Uganda’s Anti-Homosexuality Bill strongly undermines efforts to end new HIV infections.

Africa free of New HIV infections (AfNHi) condemns the bill passed by the Ugandan Parliament to criminalize same-sex relationships and sexual and gender identity.  If assented to by the president, it will violate multiple fundamental human rights including, the rights to freedom of expression and association, equality, and non-discrimination. The Anti-Homosexuality Bill follows months of hostile rhetoric against sexual and gender minorities by public figures in Uganda, as well as government crackdowns on LGBTQI+ rights groups and other human rights groups, government critics, and civil society putting them at greater risk of arbitrary arrests, police abuse and extortion, loss of employment and evictions.


The LGBTQI+ community is disproportionately affected by HIV, poverty, stigma, discrimination and violence. While HIV prevalence may be declining in other populations, HIV prevalence among LGBTQI+ people remains high. The bill perpetuates stigma and discrimination against LGBTQ+ individuals, particularly gay men and other men who have sex with men (MSM), who are at a higher risk of HIV infection. This stigma makes it difficult for them to access HIV prevention, testing, and treatment services. Due to the criminalization of homosexuality, LGBTQ+ individuals may fear seeking healthcare services or disclosing their sexual orientation to healthcare providers, leading to inadequate care and missed opportunities for early HIV detection and treatment. The bill further creates barriers for non-governmental organizations and community-based organizations that provide HIV prevention services to LGBTQ+ individuals which can lead to the closure of such organizations and facilities or force them to operate covertly, reducing their effectiveness. The hostile environment created by the bill may force LGBTQ+ individuals to engage in riskier sexual practices, increasing their vulnerability to HIV infection. The discrimination and violence faced by LGBTQ+ individuals has negative mental health consequences, such as depression, anxiety, and substance abuse. These factors can further increase vulnerability to HIV infection.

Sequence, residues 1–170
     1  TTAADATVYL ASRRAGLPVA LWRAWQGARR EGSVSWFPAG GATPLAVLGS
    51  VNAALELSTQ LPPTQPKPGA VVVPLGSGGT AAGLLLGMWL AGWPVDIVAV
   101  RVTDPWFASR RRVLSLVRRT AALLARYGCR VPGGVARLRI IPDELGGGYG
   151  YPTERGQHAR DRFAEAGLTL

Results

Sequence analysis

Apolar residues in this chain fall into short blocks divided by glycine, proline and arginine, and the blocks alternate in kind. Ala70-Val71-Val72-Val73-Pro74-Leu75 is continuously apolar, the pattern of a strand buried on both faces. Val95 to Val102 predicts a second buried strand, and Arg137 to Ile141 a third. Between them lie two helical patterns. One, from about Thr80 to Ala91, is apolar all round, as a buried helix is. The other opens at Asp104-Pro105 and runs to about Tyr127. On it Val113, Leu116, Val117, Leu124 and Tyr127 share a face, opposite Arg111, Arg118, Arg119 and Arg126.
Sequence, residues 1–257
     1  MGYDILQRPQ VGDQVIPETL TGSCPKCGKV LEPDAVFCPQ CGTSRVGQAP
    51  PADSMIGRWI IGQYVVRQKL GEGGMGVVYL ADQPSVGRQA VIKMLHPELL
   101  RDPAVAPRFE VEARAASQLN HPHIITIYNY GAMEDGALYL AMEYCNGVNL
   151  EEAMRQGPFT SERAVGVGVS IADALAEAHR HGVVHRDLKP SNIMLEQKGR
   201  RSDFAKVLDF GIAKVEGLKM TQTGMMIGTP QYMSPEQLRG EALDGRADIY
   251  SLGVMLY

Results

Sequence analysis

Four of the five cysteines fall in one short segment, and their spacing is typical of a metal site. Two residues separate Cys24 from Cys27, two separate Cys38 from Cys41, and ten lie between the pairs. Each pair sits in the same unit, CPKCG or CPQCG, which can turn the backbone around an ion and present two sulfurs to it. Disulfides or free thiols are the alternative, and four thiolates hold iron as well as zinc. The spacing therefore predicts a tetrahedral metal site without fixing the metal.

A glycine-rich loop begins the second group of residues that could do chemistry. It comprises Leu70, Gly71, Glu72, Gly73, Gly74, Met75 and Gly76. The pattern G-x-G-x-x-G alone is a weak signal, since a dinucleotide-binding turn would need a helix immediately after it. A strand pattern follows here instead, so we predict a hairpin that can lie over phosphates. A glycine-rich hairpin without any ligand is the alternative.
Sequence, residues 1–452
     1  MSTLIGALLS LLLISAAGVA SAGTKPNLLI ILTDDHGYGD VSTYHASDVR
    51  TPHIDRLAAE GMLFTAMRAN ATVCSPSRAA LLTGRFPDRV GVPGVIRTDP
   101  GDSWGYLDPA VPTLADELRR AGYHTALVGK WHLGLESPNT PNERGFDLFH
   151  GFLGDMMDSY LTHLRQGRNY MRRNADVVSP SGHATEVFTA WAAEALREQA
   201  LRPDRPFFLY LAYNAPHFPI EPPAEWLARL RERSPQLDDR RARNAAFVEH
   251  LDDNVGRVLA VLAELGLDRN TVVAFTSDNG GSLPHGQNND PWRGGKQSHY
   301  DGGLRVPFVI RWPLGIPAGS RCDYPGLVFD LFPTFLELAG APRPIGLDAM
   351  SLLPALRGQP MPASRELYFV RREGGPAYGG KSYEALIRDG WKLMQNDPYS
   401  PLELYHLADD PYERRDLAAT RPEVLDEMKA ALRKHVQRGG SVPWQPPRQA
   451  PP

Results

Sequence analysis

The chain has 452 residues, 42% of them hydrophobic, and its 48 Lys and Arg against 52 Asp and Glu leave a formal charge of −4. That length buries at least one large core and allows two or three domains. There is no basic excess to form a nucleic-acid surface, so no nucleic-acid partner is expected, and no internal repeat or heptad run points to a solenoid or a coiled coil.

During the last decade, biomedical science in HIV has progressed rapidly, with breakthroughs in prevention and treatment. Yet, the global HIV response has seen highly differential success between countries. Law is one of several epidemiological, social, economic and political factors driving differential success. As the Global Commission on HIV and the Law found, ‘the legal environment can play a powerful role in the well-being of people living with HIV and those vulnerable to HIV.” Law is particularly powerful when it comes to key populations experiencing higher HIV rates and lower access to services, including LGBTQI+ communities.


We, the AfNHi network, stand in solidarity with the LGBTQI+ community in Uganda and around the world. We condemn the Bill passed in the Ugandan Parliament and call on Uganda’s president H.E Yoweri Kaguta Museveni to reject the Bill. Rejecting the Bill is critical for the rights of Ugandan citizens, for public health and for ending new HIV infections.




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